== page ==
Until 13 October
Victoria Crowe: 50 Years of Painting fills three floors of Edinburgh’s City Art Centre. This first-ever retrospective of Victoria Crowe’s considerable body of work spans five decades, ranging from promising student works right up to 2018. Over 150 artworks are on display, many from private collections. It’s also an opportunity to view drawings, sketches, prints and notebooks.
Born in Kingston on Thames in 1945, Crowe studied at Kingston School of Art and London’s Royal College of Art. In 1968 she took up a teaching post at Edinburgh College of Art. She has lived in Scotland ever since, with regular trips to her Venice studio – she has visited Italy regularly since 1992. Crowe has a long-standing relationship with The Scottish Gallery in Edinburgh* – an integral force in gaining access to works from private collectors in this retrospective. Two popular exhibitions at the National Galleries of Scotland brought her work to a wider audience.
The first floor loosely follows the early days and her move to the Scottish Borders, exploring the changing seasons of the local environment and its people. Many will recognise the stark winter tree series and scenes from the daily life of shepherdess Jenny Armstrong. You can spot glimpses of Crowe’s later techniques – scratching the painted surface to create pattern and texture.
There is an ‘unreal’ quality emerging – following an early tutor’s advice of “trying not to make it real”. A video slideshow and display of her notebooks bring these techniques into greater detail.
In the 1980s, an interest in dreamwork and symbolism brought out a signature style to her large scale paintings to create sensitive, contemplative portraiture. The accompanying film, made for this exhibition, highlights her creative process and biography.
On the second floor, we see the introduction of gold paint, over-printing, symbolic objects and collage. Picture planes are divided and layered as if viewed in a Venetian mirror or as an asymmetrical triptych dividing reality, memory and subconscious.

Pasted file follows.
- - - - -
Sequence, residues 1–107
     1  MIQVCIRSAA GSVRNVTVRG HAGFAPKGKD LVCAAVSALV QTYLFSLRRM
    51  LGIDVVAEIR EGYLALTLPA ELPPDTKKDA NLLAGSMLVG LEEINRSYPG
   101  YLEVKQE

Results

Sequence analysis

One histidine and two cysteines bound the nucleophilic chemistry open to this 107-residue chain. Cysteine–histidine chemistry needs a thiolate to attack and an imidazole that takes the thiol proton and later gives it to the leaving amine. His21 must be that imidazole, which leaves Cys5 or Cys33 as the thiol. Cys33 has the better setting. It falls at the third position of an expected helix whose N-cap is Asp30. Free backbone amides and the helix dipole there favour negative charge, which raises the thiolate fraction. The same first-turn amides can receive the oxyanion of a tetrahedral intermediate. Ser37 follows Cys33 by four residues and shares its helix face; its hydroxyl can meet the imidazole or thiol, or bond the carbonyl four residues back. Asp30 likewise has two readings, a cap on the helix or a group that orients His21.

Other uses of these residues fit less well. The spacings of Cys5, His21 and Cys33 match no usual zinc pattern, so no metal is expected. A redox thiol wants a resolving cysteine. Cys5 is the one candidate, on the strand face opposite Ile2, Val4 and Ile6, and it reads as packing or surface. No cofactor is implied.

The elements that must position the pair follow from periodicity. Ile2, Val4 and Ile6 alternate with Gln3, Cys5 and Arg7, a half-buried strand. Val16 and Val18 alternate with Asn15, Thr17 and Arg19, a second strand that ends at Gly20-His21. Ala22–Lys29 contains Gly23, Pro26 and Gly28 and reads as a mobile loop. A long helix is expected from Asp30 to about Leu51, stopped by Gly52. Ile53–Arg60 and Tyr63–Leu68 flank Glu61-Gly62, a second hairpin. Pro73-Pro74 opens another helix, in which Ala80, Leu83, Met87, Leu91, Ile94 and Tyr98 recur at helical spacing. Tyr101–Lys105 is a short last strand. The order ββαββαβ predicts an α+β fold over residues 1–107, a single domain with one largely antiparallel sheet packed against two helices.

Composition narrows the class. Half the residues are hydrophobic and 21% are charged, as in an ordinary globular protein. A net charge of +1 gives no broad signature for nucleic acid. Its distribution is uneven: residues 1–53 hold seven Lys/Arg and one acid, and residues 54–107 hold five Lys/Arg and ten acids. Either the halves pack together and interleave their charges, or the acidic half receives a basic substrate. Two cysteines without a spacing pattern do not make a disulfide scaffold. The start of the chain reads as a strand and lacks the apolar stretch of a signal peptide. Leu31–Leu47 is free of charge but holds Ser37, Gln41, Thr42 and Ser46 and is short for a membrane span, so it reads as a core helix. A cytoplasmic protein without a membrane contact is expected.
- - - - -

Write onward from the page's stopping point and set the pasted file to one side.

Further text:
We also see a move from winter scenes to nocturnal landscapes, glowing Venetian sunsets, symbolic animals, flowers and objects. Here, Crowe paints the experience of fading light in a Scottish winter scene as skillfully as the sunset glow on a Venice canal. Crowe found solace in painting and creative work following the death of her son Ben at age 22. She further explores the human experience in her work: how we perceive memory, loss and the fleetingness of life.
On the third floor, we see her most recent work, some of it revisiting winter landscapes but infusing them with symbolism; others bringing a new richness of tone and colour. Finally, we experience her recent collaboration with composer Matthew Rose in 2017.
Crowe claims to have felt like an outsider at times in her life but Scotland has adopted her as one of their most accomplished contemporary artists. Her art explores both our internal and external worlds, from early landscapes to portraits examining memory and reflection through to assured landscapes imbued with light and poetry.
This exhibition has a season ticket. Comments from both the visitor book and around the exhibition reveal that many have made return visits, including someone who has just completed their 11th visit. There is something valuable in returning to an exhibition but particularly so with Crowe. Her artworks invite slow viewing, contemplation. Return to the works that you are drawn to and stay moored for a while. There’s an alchemy in those layered planes, tonal harmonies and textured surfaces that you may have previously overlooked.
City Art Centre
2 Market Street
Edinburgh EH1 1DE
[open daily 10 – 5]